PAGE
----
The breakout session “How to Be a Wizard at Tech Training Design and Delivery” at the 2016 Nonprofit Technology Conference (NTC) originated from an earlier session designed by Andrea Berry, Beth Kanter, John Kenyon, and Cindy Leonard. The session not only included training tips, but modeled them during the session so that the audience interacted and practiced skills directly.
The 2016 session took all of the trainers’ lessons learned from the previous session and improved upon the presentation and exercises. The basic premise remained the same: to give training tips, model them, and to provide “meta” data that gave a glimpse into the minds of the session designers. Andrea Berry had moved onto another job by then, and so Jeanne Allen took her place.
We used a Harry Potter theme to give the session a fun feel. We began the session by polling the audience on training experiences. Adults tend to interpret information received in a training based on existing knowledge in their brains and then integrate it with previous experiences. Obtaining a sense of skill level prior to training helps the trainer make spontaneous decisions about content modification to suit the audience.
In the first portion of the training, Jeanne and Cindy modeled four great practices for designing training content, including:
- Spend a little time researching adult learning theory, or
- Provide experiential education, giving learners the opportunity for reflection, abstract conceptualization, active experimentation, and concrete experience
- Incorporate the three learning styles: visual, audio, and somatic
- Give the learners a jolt—an engaging learning activity that lasts for a brief period of time and illustrates one or more important learning points
Next, the learners sorted themselves into stations based on the four Hogwarts Houses and conducted a “Four Corners” exercise in which they discussed how they might incorporate the four “great practices” into their own training practices. This activity allowed the learner to move, engage in small group discussion, and apply analysis to the content.
After returning to a full group, Beth and John modeled great practices in designing training interaction, including:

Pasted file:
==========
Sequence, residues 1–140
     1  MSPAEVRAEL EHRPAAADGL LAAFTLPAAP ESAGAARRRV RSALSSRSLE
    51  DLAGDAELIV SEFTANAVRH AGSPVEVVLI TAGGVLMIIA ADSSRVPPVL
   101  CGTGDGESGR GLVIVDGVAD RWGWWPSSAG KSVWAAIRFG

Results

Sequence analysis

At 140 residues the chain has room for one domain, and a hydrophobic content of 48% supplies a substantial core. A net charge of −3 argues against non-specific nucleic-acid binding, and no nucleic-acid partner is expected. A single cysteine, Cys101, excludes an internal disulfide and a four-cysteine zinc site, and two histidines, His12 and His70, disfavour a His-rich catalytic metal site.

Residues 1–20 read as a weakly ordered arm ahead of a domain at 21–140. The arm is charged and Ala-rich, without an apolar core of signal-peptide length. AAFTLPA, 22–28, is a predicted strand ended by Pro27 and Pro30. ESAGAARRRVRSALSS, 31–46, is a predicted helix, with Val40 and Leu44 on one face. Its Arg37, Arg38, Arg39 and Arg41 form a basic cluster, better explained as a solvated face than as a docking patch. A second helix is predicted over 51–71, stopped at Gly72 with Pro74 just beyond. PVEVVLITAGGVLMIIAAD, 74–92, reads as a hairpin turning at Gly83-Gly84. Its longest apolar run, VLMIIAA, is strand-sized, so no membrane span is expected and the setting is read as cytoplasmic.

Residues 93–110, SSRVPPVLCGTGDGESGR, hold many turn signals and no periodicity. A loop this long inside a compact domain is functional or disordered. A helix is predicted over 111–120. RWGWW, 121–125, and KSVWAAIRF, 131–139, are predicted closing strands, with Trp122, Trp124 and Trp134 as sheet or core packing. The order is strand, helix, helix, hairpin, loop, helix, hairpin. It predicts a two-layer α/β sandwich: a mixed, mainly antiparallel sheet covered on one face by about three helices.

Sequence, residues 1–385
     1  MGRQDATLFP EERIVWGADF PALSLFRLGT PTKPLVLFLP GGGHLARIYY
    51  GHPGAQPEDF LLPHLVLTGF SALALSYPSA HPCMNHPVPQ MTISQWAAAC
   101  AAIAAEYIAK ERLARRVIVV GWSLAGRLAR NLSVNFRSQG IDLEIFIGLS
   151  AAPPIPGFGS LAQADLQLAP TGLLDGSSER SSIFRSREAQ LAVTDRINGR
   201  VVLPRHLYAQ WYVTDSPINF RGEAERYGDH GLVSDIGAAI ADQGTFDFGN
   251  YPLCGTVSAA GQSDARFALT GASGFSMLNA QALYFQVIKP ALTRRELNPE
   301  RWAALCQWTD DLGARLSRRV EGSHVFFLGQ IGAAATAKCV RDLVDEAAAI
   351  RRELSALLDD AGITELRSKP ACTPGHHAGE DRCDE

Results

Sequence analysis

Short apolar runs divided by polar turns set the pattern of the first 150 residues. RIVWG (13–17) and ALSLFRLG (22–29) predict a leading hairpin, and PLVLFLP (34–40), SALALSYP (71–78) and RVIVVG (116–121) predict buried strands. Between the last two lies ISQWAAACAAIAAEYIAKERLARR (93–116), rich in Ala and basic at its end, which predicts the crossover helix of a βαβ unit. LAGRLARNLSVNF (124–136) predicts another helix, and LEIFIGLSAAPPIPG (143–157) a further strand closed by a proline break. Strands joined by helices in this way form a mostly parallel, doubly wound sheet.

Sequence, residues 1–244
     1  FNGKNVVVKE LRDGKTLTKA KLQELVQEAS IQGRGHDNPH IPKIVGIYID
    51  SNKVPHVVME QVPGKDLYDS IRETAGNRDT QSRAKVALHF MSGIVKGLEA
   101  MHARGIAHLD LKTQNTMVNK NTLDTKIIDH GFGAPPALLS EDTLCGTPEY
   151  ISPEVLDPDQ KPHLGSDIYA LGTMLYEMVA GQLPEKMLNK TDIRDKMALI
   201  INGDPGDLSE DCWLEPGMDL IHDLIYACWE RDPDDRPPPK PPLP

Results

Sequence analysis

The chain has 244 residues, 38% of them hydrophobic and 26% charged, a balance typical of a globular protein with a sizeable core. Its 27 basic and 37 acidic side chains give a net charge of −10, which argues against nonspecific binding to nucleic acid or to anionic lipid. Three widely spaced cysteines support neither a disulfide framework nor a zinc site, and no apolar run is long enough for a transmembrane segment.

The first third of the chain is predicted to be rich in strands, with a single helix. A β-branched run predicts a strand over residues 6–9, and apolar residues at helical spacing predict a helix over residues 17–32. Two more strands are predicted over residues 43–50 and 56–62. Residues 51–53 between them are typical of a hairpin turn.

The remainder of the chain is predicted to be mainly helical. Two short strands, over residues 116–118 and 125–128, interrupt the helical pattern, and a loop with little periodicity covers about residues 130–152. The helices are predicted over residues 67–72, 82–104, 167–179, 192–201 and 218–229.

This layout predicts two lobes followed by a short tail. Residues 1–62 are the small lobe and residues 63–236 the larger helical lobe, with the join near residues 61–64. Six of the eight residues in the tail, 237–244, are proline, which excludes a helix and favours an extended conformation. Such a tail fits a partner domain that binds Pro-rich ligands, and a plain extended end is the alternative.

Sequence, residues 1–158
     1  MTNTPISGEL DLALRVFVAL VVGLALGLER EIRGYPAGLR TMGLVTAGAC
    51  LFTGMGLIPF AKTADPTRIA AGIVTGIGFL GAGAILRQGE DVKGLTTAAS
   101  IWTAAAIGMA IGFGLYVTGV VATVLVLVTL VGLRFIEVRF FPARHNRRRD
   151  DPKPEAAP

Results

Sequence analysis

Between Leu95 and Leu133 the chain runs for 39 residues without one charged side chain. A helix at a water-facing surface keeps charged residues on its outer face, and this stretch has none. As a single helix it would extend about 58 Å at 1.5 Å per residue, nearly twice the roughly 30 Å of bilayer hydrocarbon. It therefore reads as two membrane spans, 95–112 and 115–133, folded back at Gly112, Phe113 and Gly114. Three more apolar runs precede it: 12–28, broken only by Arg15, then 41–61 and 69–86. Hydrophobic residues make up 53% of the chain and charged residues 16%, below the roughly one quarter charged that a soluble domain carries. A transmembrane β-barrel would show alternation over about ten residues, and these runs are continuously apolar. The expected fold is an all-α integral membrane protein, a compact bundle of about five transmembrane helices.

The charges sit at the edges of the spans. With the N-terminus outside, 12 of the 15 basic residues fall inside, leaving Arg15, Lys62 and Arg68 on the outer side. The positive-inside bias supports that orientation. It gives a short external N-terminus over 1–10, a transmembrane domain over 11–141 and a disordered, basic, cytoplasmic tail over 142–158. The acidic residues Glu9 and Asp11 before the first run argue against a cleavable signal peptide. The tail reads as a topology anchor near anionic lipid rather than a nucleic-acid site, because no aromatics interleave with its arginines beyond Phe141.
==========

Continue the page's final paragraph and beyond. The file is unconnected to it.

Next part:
- Setting goals for interactive exercises, such as learner readiness to learn, involvement in discussions, opportunity to practice, and to reflect. Finally, learners made a decision to incorporate the skills in the future
- Using a content interaction exercise grid to prepare varied interactive exercises (a blank grid is included with the session handouts)
- Engaging in a variety of exercises: thinking, writing, discussing, moving, and making
We had the learners participate in a number of interactive exercises during this portion of the sessions, including a “think and write” exercise and a “share pair/trio” exercise.
Before moving into the final Q&A, all four trainers went “meta” and shared what they had just learned during the session itself:
- John – Sometimes you have to hold yourself back from shutting down important conversations when planning and facilitating – balancing freedom in planning with the need for controlling flow.
- Beth – It can be difficult to plan interactive exercises (she explained the set up difficulties and revisions of the theatre style room we used) and that you should always plan but be prepared to improvise or hack it.
- Cindy – You always have more content than you have time for, so it’s important to pare down and not making people drink from the fire hose.
- Jeanne – There’s a balance between giving learners control vs. choice while planning exercises (she explained how we four went back and forth about letting the learners sort themselves or sorting them in advance for the four corners exercise).